ODE TO WISDOM, Waltz No. 2

Remember our last chat? Dentists, last molars, wisdom. Does it ring a bell? In case you’re interested, I had my wisdom tooth examined, in the meantime. The pain has subsided somewhat, though I still feel minor irritation which I’ve been told can be relieved by rinsing with warm salt water (1/2 teaspoon of salt in 200 grams of water (7 ounces )). However, having medical doctors as parents has obviously marked me for life so I just prefer good old over-the-counter pain meds to alternative medicine. Anyway, we leave my tooth for now (does it mean I’ll be wiser?) and if it keeps causing lots of pain, gets infected or interferes with nearby teeth, the usual treatment is no treatment. We basically take it out. Please note that I have to be in great pain. If not, we don’t have a deal.

Now, the million dollar question was: Does age equal wisdom?

When I was younger, I looked up to the elderly. Like all youths, I was often at odds with my parents in my teens and since they were not what I’d call my real role models, my grandparents, uncles, and some teachers certainly were. Back then, I thought that when I came of age, I would, like all adults, magically know all the answers to life and that everything would suddenly start making sense. What a worrying and sad realization when it didn’t. Naturally, I didn’t automatically learn how to handle problems and conflicts nor was there a moment of clarity where everything turned intelligible. Although I had a few tricks up my sleeve, truth be told, I wished I had more.

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During a Pentagon news briefing in 2002, then-Secretary of Defense Donald Rumsfeld talked about the lack of evidence linking the government of Iraq with the supply of weapons of mass destruction to terrorist groups. So let’s put aside my subjectivity and what I really think about the guy and concentrate on what he stated on this occasion:

‘As we know, there are known knowns; there are things we know we know. We also know there are known unknowns; that is to say we know there are some things we do not know. But there are also unknown unknowns – the ones we don’t know we don’t know. And if one looks throughout the history of our country and other free countries, it is the latter category that tend to be the difficult ones.’ I would add that this could be applied to both our professional and personal life. The only thing I know for sure is that I really know nothing.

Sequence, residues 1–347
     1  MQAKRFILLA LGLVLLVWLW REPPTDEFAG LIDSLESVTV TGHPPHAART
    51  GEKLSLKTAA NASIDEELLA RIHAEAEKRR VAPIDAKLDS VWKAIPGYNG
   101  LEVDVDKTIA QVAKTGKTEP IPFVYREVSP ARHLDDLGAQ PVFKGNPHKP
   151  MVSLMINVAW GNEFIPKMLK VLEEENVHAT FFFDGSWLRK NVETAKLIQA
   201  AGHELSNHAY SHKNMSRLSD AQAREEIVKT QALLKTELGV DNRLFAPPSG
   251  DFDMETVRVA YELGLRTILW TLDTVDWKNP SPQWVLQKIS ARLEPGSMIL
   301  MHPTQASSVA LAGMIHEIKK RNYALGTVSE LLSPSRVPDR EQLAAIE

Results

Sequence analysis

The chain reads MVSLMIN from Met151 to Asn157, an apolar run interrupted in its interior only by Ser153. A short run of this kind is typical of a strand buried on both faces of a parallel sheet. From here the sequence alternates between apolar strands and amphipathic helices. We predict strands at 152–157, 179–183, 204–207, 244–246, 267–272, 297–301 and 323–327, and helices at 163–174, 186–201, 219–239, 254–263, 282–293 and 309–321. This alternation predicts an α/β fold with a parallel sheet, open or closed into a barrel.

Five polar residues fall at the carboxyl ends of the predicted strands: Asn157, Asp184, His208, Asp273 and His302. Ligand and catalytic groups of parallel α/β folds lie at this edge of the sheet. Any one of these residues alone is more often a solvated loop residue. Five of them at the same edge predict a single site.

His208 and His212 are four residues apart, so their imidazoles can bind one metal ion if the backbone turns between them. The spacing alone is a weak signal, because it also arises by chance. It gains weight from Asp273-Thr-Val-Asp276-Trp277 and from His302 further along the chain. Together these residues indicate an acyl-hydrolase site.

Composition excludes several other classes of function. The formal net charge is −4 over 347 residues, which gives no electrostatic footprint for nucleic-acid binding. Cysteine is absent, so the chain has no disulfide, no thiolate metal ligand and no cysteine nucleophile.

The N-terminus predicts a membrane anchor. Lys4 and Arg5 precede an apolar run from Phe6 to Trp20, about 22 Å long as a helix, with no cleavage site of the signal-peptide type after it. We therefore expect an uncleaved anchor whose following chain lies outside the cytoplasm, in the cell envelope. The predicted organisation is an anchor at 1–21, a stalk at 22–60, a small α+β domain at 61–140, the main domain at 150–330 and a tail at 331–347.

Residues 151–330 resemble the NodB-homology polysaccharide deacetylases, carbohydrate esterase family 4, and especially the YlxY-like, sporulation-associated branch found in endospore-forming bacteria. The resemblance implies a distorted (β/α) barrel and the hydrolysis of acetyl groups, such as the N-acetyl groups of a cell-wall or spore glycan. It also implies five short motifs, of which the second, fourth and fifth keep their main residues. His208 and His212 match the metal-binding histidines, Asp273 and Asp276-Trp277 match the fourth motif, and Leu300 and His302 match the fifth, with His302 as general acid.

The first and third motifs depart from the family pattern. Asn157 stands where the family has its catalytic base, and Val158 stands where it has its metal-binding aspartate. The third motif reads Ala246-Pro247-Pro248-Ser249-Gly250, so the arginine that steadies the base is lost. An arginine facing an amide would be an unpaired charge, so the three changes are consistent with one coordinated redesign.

I watch my son grow, I teach him, he learns but the real question is: Who is the teacher here? I like to think I don’t teach him but, as Einstein put it nicely, provide the conditions in which he can learn. While he learns understanding of concepts, all the activities he engages in, whether self-motivated or not, whether goal-oriented or not, are done with sheer pleasure and enjoyment. At this age level, even when he uses gestures such as pointing rather than naming things, his language is clear and comprehensible. By contrast, adults frequently fail to deliver an accurate message and are unable to express opinions precisely or verbalize real feelings. Additionally, while we enable children to be more active participants in life, we often turn into passive observers ourselves. It seems we still have a lot to learn. Sometimes I feel I know so little, despite formal and continuing education and the books read. I know for sure I should have more money coming in than going out and that I shouldn’t wear flip-flops and tank tops showing my cleavage and belly to a job interview and that’s about it. So many known unknowns, and God knows how many unknown unknowns there are.

Now, back to folks in later life. I mean later. Over 70 (i.e. septuagenarians, octogenarians, and nonagenarians and centenarians if they are still around). Science has proven that older people develop greater insight and are less likely to be hot-headed although their brain slows down with age (source: Daily Mail). According to a study, as opposed to young people’s brain which is driven by the chemicals fueling emotion and impulse, the aging brain is less dopamine-dependent. Therefore, slower responses of the elderly result in thoughtfulness and wiser judgments.

Since I hate generalizations, I’d say some of them because others are equally stubborn at a late age and not so perceptive as expected. Negative feelings and relationships, when nourished for a long time, harden our hearts, which is why some people continue holding a grudge or engaging in fiery quarrels till death do them part. Yes, the gray-haired might too pull a boner as if their experience hasn’t taught them a thing.

The point I’m trying to make is that we can’t and shouldn’t discredit someone just because they’re young but we cannot call them wise either. Their understanding of the world simply shows a different level of understanding. The bottom line is we can grasp some things only at a certain age. Wisdom comes (should come) in the maturity of old age when the immense experience and knowledge acquired throughout life leads (mostly…hm…sometimes) to good judgment. I’d like to think positively for once in my life and this is the most positive you’ll get from me. I retain the right to remain skeptical though.

I believe that people of different age groups could and should learn from one another. I am constantly learning from both my two-year old son, things I’ve forgotten or haven’t known I possess, and the elderly, things I have yet to learn. I need both in my life. Maybe that’s why I have friends from different walks of life and of different age groups. Without them I am like asentencewithoutspaces.

Author: Blogging_with_Bojana